Robinson is still one of the few women in her line of work. She got her start as the editor of several rock magazines then became a columnist for the New York Post and now is a contributing editor at Vanity Fair. She was also on the nominating committee for the Rock & Roll Hall of Fame for 18 years.

Robinson championed Led Zeppelin at a time when they were being savaged by Rolling Stone and others, and that – and her deep knowledge of jazz and blues – earned her a seat on their private jet the Starship during their tours in the mid-1970s. Holding her own with those “lads” led to her covering the 1975 Rolling Stones tour along with Annie Leibovitz (riding the Starship again, as it turned out). Since then she’s covered everyone from John Lennon and Bono to Eminem and Lady Gaga.

She credits her knack for gaining her subjects’ trust to being a journalist rather than a critic, and she was able to offer a uniquely up-close perspective on the artists and their lifestyle by not getting swept up in the debauchery:

Often, I was the only woman in the room and certainly the only one who wasn’t sleeping with any of [the musicians]. I wanted to keep everything professional, to get the stories. For me, the lure was always the music. But if you’re not having sex with someone on a tour, or participating in the drugs, you really are on a different tour than everyone else.

Yes, she drops a lot of names but she’s earned that right. The photos from throughout her career – pointing a cassette recorder at an 11-year old Michael Jackson; sitting on David Johansen’s lap to chat to Freddie Mercury; reading a newspaper with Joe Strummer – are proof.

I liked this book so much I bought it after I returned it to the library. Check it out yourselves!

Graham Nash's Wild TalesWild Tales by Graham Nash

Graham Nash rightfully earned his place in rock history as a founder of  2 1/2 seminal bands: The Hollies and Crosby, Stills & Nash (and occasionally & Young). He was one of the organizers of the No Nukes concerts in 1979 that brought rock music together with environmental  fundraising. He has also enjoyed success as a solo musician, a photographer, book publisher and visual artist. Despite the hundreds of thousands of dollars he blew on cocaine, he has survived and saved enough to enter his 70s living in Hawaii … with the time and means to fly into New York to participate in Occupy Wall Street.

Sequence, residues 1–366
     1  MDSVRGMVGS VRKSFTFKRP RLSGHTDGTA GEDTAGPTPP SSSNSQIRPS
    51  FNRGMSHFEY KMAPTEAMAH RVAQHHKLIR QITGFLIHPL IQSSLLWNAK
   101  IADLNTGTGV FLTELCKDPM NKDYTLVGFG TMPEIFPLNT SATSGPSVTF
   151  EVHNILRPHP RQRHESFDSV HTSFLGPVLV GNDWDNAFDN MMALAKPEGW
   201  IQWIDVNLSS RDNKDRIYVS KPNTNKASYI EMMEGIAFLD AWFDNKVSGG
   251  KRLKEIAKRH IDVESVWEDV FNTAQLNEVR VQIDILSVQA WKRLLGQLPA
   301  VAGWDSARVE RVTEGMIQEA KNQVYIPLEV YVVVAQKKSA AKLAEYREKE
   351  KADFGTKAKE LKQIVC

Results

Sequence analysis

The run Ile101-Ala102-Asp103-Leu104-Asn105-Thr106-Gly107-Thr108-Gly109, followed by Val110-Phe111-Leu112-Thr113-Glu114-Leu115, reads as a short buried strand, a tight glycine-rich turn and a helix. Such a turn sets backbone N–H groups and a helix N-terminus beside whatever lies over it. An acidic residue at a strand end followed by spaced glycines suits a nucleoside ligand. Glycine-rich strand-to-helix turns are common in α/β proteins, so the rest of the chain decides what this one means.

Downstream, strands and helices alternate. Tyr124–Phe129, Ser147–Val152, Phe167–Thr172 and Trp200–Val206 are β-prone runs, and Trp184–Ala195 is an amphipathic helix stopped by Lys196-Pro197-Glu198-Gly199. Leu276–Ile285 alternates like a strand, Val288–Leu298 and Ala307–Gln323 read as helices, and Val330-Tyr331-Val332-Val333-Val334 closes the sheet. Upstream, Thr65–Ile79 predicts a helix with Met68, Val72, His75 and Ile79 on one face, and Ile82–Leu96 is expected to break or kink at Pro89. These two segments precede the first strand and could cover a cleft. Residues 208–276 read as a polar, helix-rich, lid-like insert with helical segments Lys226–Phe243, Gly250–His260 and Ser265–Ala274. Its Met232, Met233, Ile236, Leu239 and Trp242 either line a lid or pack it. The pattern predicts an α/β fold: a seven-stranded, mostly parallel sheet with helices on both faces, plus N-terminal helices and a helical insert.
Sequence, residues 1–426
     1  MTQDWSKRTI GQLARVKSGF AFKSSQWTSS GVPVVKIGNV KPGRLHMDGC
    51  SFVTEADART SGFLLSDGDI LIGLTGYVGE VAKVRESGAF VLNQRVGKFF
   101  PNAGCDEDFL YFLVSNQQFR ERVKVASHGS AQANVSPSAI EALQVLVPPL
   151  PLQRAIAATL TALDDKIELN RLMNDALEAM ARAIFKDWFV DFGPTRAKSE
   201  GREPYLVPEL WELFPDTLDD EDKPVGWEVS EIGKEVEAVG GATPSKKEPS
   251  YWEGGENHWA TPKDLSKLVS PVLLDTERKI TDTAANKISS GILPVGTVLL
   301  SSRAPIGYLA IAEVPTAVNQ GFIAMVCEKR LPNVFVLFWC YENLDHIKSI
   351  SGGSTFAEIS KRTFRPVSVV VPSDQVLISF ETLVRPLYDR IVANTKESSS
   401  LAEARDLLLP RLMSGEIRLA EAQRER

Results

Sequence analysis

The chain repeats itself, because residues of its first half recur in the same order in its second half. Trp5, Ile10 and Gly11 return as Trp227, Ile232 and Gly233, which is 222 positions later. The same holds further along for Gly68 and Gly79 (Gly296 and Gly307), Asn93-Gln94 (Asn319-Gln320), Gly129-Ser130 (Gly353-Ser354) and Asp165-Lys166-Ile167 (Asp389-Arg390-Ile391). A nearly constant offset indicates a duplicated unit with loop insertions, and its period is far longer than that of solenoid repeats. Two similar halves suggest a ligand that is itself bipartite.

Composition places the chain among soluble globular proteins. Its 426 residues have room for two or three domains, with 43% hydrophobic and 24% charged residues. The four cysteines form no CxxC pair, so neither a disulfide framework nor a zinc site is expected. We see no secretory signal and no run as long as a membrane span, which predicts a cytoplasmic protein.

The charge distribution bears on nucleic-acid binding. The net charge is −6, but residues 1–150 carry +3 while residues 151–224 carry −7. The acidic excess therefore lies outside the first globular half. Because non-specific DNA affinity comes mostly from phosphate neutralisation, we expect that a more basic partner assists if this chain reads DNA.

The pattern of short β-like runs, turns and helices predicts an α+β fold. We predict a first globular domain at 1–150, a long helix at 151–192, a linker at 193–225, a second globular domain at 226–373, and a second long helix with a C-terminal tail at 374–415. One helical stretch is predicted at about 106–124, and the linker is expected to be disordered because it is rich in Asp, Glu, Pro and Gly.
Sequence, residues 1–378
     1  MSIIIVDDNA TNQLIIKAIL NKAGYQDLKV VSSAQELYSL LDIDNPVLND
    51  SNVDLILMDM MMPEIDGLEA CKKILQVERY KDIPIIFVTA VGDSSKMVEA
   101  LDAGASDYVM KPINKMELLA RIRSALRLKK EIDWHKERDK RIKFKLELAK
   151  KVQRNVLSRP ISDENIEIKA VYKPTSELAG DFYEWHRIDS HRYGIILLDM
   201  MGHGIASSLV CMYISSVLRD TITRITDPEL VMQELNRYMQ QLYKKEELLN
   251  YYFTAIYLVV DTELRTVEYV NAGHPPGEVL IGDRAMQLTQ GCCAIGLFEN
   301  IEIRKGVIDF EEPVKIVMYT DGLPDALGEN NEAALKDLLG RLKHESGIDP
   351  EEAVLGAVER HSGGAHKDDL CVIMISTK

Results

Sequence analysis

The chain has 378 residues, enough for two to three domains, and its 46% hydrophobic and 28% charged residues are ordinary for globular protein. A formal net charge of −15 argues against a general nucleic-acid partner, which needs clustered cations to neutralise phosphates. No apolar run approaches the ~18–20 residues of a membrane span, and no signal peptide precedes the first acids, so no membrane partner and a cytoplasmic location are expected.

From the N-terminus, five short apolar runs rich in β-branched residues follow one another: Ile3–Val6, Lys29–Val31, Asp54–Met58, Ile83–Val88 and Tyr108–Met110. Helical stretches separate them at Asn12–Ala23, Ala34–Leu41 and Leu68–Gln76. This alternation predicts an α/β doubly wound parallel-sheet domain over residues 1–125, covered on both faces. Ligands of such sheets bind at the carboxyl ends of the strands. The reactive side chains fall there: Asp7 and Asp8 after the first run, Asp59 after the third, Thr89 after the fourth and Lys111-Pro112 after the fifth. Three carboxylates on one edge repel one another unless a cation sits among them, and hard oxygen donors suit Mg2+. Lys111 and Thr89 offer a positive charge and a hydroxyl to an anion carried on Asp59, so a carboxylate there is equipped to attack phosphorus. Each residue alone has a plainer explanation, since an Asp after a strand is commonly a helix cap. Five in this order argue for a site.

Wild Tales chronicles Nash’s rise from the council projects of Salford to becoming a British Invasion sensation with the Hollies. Then the action moves over to nearly five decades of his ins and outs with various combinations of Stephen Stills (whom Nash depicts as a relentless egotist), David Crosby (best friend and cringe-inducing drug addict) and Neil Young (infuriating musical genius). Along the way, many women were loved (including Joni Mitchell and Rita Coolidge) and many drugs were done and, as Nash tells it, he was usually the one  stuck waiting for his friends to show up or sober up to perform. When contemplating reuniting with the Hollies in the early 1980s, he took the gig because

God almighty, was it easier to sing with the Hollies than with CSN! It was certainly more fun, less plagued with personal bullshit. No freebase, no egos, no Neil Young.

Humility is not his strong suit. Neither is literary finesse. That’s what makes this a rather tiring read.  At best Nash’s book, like his lyrics, demonstrate his straightforward charm, but often he gets preachy and pedestrian. Also, his overuse of nicknames (“Clarkie,” “Croz”) and his hippie grandpa phraseology – for instance, he refers to “smokin’ it” (it being marijuana) constantly – does him no favors. Still, he does have an insider’s view of the California music scene and all its unwashed glory, and his celestial harmonies should be celebrated and enjoyed two generations later. Rather than read about why he thinks they’re great, put your copy of Crosby, Stills & Nash on the turntable instead and experience Graham Nash’s best talents for yourself.

What’s on your nightstand these days? Let me know … even if it’s fiction.

See you on the flip side …

P.S. Do you use the Facebook? Stay up to date on the doings associated with my novel by liking the Love and Other B-Sides page there – and I hope to see you at my first author event on October 26 at Leon and Lulu in Clawson!